Pinhole surgery is the most advanced technique that is used to restore gum health. It is slowly yet surely replacing the antiquated method of surgical soft tissue grafting, which can be more painful and take longer to heal. Moreover, the success rate for gum recovery is far better with this revolutionary technology that lets your dentist fix the issue with minimum fuss and negligible loss of blood. You can forget the discomfort and postoperative pain associated with soft tissue surgery.
Pinhole surgery technique is the perfect answer to the painful “gum tissue grafting” technique that has been in use until recently. The revolutionary pinhole surgical technique involves minimum invasion, or a minimally invasive treatment procedure that helps reverse gum recession. No painful sutures or grafting is required in this procedure, which is actually a combination of traditional periodontal procedures like coronally positioned flaps and guided bone regeneration. However, no scalpels are used, nor are periosteal elevators and sutures. It is just a pinhole made by piercing the mucosa apical, leading to the mucogingival junction, facilitating the insertion of specialized instruments through the pinhole to elevate the full-thickness flap.
- It is a minimally invasive technique that is an alternative to traditional gum surgery
- Minimal or no bleeding, no pain, swelling that is present in gum surgery
- Sets right cosmetic defects in the mouth
- No sutures or incisions need to be made
- Recovery time is reduced
- A single visit can take care of multiple issues
- Postoperative recovery is fast, and pain is minimal
Gingivitis and Periodontitis
Gingivitis, gum inflammation, is the forerunner of a more serious dental condition known as Periodontitis. However, the good news is that not all cases of gingivitis need necessarily lead to Periodontitis. Gingivitis is caused by the bacteria that are present in the plaque buildup. This often leads to inflamed gums, which can be rather painful. However, if gingivitis is ignored, it often leads to Periodontitis, where the inner layer of the gums and the bone shift from the teeth, forming pockets. These pockets attract food debris and get infected with bacteria, which tend to break down the connective tissue and the bone. Periodontitis can lead to loosening of teeth and, ultimately – loss of teeth.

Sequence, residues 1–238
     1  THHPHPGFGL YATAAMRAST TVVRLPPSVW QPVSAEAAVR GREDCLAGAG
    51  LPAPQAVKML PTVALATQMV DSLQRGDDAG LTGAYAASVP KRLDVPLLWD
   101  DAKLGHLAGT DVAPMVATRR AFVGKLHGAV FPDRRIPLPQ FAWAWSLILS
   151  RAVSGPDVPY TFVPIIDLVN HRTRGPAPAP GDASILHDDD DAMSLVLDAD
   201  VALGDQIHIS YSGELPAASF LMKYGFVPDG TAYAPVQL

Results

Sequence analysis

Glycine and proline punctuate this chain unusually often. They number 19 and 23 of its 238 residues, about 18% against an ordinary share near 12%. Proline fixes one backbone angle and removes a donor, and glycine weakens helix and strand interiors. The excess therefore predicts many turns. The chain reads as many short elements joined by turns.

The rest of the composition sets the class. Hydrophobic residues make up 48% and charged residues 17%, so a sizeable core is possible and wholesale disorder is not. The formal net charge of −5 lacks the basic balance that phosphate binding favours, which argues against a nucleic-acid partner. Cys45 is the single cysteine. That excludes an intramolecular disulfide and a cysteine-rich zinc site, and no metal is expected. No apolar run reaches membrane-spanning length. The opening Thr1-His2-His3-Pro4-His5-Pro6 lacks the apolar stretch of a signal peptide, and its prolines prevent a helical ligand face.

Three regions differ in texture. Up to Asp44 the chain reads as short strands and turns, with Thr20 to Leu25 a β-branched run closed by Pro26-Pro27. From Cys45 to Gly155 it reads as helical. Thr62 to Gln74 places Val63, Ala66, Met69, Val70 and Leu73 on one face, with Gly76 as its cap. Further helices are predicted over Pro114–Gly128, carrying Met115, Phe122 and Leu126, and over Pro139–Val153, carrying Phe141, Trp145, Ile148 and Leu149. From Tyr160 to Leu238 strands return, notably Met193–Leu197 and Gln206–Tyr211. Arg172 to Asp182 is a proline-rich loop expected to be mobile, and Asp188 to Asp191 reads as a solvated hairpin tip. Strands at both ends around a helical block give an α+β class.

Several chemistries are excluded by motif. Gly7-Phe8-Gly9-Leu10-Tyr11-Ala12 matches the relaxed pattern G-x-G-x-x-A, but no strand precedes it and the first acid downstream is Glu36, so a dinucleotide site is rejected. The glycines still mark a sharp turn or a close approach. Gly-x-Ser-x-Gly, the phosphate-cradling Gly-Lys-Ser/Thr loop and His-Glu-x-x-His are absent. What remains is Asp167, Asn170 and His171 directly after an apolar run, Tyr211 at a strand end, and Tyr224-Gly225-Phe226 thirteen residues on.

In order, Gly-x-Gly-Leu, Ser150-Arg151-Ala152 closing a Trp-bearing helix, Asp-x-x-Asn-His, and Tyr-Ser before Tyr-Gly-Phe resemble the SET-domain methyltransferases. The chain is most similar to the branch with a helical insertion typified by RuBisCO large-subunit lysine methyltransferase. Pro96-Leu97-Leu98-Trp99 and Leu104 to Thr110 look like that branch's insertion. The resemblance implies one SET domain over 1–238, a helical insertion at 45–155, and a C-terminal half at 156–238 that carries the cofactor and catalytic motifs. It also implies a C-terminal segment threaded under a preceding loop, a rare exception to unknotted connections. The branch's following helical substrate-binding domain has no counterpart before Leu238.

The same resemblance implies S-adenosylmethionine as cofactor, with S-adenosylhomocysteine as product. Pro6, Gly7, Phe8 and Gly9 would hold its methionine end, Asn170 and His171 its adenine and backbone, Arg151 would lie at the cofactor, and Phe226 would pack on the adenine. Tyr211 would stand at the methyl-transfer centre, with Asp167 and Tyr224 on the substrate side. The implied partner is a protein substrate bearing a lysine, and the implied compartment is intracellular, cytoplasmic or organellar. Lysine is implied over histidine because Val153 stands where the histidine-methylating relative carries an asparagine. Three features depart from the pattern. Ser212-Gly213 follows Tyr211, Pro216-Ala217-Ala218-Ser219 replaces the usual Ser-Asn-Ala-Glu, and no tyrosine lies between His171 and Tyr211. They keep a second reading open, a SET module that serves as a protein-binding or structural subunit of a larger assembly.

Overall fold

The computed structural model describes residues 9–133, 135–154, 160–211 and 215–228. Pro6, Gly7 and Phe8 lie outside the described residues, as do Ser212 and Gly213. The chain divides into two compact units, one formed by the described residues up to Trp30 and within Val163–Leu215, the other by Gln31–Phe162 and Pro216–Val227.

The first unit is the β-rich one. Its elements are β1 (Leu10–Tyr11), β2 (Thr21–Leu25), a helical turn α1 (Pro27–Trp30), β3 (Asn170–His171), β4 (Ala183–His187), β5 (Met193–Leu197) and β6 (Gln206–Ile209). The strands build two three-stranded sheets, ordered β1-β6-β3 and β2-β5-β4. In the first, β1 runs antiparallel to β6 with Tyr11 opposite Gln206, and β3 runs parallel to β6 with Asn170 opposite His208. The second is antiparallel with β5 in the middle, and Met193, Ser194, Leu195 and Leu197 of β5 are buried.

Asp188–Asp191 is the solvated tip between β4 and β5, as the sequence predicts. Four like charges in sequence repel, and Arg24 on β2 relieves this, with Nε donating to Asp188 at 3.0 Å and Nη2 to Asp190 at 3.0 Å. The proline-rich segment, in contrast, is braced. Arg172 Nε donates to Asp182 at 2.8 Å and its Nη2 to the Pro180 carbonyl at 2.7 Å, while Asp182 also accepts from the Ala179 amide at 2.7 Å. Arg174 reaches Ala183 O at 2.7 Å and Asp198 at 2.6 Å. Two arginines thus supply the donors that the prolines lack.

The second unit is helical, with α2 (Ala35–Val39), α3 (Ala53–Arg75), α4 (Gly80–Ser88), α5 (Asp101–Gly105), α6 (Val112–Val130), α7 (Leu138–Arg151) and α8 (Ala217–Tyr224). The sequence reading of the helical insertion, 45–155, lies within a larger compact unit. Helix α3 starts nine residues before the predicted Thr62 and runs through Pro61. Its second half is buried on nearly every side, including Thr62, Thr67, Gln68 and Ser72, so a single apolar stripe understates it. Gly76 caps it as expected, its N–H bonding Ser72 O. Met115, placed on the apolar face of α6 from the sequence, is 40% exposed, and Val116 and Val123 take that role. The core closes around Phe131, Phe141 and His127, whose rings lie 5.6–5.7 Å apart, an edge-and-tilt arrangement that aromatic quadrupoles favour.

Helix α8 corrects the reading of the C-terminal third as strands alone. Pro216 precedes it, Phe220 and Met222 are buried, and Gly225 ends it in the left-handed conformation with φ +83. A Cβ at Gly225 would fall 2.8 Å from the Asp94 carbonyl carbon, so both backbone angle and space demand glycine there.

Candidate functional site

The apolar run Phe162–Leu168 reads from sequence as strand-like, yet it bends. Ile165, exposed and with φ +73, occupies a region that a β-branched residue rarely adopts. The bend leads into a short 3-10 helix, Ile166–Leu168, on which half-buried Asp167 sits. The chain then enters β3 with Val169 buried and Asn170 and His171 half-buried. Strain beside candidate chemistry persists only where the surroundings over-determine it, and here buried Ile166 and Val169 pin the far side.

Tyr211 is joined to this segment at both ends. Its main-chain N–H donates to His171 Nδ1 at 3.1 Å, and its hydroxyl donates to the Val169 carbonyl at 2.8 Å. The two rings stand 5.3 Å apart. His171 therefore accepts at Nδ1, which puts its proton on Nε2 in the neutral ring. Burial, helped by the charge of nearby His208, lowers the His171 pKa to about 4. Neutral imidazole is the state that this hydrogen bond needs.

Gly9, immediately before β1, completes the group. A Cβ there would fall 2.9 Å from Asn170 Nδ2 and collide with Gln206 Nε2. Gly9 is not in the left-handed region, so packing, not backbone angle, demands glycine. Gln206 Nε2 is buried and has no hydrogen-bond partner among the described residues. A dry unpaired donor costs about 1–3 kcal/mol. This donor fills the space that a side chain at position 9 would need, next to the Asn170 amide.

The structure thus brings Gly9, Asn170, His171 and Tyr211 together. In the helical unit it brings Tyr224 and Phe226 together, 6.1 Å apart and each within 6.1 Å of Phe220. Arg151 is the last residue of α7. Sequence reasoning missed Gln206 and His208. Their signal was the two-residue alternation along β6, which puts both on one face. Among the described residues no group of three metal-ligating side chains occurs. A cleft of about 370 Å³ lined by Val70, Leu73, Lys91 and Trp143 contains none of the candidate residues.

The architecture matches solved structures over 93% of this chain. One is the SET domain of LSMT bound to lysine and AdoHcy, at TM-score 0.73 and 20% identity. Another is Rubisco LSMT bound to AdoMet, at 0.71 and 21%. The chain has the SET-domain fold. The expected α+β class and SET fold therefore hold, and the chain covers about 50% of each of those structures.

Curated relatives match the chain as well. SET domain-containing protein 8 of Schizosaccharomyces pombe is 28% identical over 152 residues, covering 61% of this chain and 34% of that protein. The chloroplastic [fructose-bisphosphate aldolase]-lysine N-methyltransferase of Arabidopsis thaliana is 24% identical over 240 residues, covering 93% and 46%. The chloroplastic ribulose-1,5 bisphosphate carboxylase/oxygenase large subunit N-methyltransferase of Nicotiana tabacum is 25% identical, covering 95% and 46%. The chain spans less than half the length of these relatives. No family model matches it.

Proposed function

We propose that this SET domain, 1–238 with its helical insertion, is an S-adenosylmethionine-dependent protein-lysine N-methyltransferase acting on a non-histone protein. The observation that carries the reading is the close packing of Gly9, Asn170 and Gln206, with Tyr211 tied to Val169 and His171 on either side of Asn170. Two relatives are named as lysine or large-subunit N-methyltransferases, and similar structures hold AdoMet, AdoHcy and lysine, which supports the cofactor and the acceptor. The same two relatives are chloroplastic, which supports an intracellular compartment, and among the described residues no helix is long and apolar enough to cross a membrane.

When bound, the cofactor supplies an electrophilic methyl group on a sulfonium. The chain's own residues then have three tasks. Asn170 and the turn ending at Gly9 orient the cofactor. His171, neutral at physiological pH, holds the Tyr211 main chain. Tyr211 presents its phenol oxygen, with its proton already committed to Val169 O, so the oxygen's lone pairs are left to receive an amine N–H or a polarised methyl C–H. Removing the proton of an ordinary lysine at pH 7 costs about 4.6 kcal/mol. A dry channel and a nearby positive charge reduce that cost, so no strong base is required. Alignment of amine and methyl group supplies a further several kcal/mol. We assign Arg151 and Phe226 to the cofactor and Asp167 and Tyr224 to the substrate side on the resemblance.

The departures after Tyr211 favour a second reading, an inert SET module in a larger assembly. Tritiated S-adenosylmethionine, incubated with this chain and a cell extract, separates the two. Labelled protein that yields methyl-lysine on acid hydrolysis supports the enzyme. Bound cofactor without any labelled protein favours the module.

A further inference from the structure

Types of Periodontitis
- Gingivitis, a mild form of Periodontitis resulting in red, swollen gums that bleed, can lead to severe Periodontitis.
- Aggressive Periodontitis is another form of Periodontitis that often occurs in patients who do not have any other problems clinically. Manifests as loose teeth, bone erosion, familial aggregation.
- Chronic Periodontitis, as the name suggests, is persistent inflammation in the supporting tissues of the teeth. It can lead to bone loss and pocket formation that attracts food debris and encourages the multiplication of bacteria.
- Necrotizing Periodontal Disease is an infection characterized by necrosis the gingival tissues, the periodontal ligament and the alveolar bone, which can be caused by malnutrition and onset of diseases like HIV or due to immunosuppression.
Symptoms of Periodontitis
- Swollen gums that often appear puffy and red
- Color of gums turns red, dull red, or purplish
- Gums are tender to the touch and painful while eating
- Mild to severe bleeding in the gums
- Receding gums that tend to pull away from the teeth making them appear longer
- Spaces widening between the teeth
Why Gums Recede in Periodontitis
The gums’ recession, caused by Periodontitis, is a process where the gum that covers the lower portion of the teeth withers away or is pulled back, forming a pocket. The recession of the gums exposes more of your teeth. Gum recession in Periodontitis often starts with sensitive teeth and proceeds to a gradual loss of gums and bone. It is essential not to ignore gum recession itself and visit your dentist, who will prescribe the correct medication to control the recession. Gum recession is caused by gum diseases like gingivitis, which, when left untreated, can lead to gum recession and Periodontitis.
Treatment of Receding gums
Prevention is better than cure, and the best way to prevent gum recession is to maintain oral hygiene. Brushing and flossing regularly is an excellent way to start, though visiting your dentist periodically (once in six months) makes more sense. If you are a smoker, try kicking the habit as nicotine contributes to gum recession in a big way. Going on a healthy and well-balanced diet is another way of maintaining perfect oral hygiene and preventing receding gums. Using mouthwash regularly, along with anti-plaque medication, is also the right step towards the treatment of receding gums. If still in doubt, contact your Carrollton Periodontist, who will prescribe the proper medication after a thorough dental examination. Champion Dental, a local dentist in Farmers Branch, can also assist with Pinhole Surgery expert.